Mobile Advocacy Do’s and Don’ts at Calder Strategies

Using Mobiles for your Cause: Do’s and Don’ts of mAdvocacy at MobileActive.org.

A Mobile Activism User’s Guide

I asked Jed for permission to republish his 16-page “A Mobile Activism User’s Guide,” and he agreed. So I just uploaded the guide as a downloadable Word doc to Ourmedia. Download the free guide here. Here’s an excerpt from the guide:

Basics of SMS messaging

Text messaging, or SMS (Short Message Service), is everywhere.  In some parts of the world, text messaging is far more popular than traditional telephone calls.  Here in the US, text messaging isn’t just for the young anymore; SMS is popular among nearly every demographic, and the average age of a texter is 30+.

And why not?  After all, text messages are concise (up to 160 characters) and timely, and they can reach your supporters wherever they are. (95% of mobile subscribers have their handsets within arm’s reach 24/7.)  Better yet, mobile is a non-SPAM, opt-in-only medium.  And for that reason, text message open and response rates are higher than in any other medium.  In other words, mobile is a great way to reach out and mobilize your supporters – anytime, anywhere.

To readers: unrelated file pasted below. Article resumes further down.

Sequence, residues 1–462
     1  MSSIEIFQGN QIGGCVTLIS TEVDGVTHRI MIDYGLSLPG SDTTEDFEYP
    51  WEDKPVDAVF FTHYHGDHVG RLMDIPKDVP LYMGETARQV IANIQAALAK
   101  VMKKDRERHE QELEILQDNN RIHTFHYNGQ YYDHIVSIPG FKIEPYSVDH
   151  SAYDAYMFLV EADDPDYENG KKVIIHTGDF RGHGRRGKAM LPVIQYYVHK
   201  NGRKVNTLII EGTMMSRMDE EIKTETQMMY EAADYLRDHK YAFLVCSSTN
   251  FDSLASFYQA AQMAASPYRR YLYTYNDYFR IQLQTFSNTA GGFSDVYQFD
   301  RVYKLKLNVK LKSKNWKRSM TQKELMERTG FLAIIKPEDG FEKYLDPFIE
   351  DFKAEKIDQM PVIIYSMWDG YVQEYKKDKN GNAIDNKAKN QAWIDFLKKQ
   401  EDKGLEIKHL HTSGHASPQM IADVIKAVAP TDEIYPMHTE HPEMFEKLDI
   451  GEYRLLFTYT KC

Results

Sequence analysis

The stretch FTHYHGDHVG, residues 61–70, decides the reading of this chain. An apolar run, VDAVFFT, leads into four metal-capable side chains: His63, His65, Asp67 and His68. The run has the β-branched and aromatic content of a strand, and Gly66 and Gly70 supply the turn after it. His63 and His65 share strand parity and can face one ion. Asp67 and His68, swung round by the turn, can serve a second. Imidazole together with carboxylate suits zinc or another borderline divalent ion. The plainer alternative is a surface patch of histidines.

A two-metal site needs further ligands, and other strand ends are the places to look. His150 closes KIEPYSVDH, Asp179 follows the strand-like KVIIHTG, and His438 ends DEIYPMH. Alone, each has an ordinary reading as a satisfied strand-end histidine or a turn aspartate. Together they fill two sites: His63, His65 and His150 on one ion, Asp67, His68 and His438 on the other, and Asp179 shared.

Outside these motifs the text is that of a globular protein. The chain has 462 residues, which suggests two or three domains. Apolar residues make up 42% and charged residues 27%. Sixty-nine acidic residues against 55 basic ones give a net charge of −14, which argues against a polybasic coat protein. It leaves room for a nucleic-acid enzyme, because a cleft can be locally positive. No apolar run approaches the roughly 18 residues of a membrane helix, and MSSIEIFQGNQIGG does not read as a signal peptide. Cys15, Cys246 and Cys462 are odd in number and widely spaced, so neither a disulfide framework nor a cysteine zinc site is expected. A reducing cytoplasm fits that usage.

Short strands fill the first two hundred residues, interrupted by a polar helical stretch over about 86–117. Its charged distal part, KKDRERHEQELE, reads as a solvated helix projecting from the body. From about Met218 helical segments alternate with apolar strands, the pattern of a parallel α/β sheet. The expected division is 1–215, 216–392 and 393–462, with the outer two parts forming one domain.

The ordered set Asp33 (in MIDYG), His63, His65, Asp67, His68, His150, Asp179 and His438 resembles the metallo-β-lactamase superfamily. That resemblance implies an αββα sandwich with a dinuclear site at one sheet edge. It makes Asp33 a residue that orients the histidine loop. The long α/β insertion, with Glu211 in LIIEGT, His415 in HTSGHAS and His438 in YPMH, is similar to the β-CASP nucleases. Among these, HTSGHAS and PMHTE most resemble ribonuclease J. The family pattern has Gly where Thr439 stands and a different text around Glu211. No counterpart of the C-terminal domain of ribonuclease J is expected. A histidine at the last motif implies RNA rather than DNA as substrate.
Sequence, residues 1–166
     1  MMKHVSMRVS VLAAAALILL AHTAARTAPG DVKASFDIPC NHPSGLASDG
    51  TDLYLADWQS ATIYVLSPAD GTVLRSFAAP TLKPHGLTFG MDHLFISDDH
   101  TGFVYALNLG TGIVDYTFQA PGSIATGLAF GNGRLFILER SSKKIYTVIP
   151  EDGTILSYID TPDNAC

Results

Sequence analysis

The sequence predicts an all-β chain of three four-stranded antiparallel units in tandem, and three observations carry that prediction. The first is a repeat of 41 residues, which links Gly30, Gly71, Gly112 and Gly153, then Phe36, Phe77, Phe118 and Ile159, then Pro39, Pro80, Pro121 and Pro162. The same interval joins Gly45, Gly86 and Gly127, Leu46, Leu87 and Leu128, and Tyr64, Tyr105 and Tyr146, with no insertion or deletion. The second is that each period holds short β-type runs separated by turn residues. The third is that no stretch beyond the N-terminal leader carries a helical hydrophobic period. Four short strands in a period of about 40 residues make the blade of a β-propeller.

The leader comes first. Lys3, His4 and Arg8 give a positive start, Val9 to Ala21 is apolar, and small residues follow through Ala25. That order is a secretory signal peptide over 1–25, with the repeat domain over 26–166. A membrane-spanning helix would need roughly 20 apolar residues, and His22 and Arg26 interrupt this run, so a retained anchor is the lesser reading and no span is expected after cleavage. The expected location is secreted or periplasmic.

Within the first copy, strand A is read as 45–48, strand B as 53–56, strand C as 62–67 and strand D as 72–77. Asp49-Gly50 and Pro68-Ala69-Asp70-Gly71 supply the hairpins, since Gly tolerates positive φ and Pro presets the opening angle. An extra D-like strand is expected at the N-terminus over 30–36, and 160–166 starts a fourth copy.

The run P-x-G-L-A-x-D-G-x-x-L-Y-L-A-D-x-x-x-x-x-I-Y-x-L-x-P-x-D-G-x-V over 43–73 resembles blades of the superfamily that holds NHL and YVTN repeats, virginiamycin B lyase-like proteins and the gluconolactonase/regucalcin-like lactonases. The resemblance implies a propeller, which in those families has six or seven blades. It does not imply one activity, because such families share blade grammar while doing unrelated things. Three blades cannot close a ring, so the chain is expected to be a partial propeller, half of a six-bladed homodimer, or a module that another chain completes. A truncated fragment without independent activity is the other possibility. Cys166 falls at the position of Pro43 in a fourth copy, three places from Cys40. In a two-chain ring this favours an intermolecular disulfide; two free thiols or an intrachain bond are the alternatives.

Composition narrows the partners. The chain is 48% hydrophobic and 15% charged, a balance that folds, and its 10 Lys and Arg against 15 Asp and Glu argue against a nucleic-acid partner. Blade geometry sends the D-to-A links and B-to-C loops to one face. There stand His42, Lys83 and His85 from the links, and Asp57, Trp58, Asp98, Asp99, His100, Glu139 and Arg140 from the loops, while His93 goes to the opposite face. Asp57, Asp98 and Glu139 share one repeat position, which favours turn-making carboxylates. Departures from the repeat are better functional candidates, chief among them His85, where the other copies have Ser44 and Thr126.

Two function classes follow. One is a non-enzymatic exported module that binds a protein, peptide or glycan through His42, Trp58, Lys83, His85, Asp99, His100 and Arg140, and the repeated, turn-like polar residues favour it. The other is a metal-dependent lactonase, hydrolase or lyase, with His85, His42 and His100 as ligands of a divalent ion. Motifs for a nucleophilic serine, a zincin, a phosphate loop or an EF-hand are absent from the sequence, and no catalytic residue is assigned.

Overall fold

Getting Started

I’m interested in mobile; what’s my first step?

First, you’ll choose a mobile application provider – a software solution that will let you create and manage your mobile campaigns.  Using that software, you’ll create a text messaging program and encourage your supporters to opt in by either

a) texting a keyword to a short code, or
b) filling out a webform on your webpage.

When a user does so, he will receive an automatic response message welcoming him to your campaign.

Short codes

So what’s a short code?

A short code is just a 5- or 6-digit number that’s used for opt-in text messaging programs.  Mobile application providers will often provide you the use of a shared short code as part of their fee.  This means that you’ll be able to create keywords on that short code and then encourage your users to opt into your program.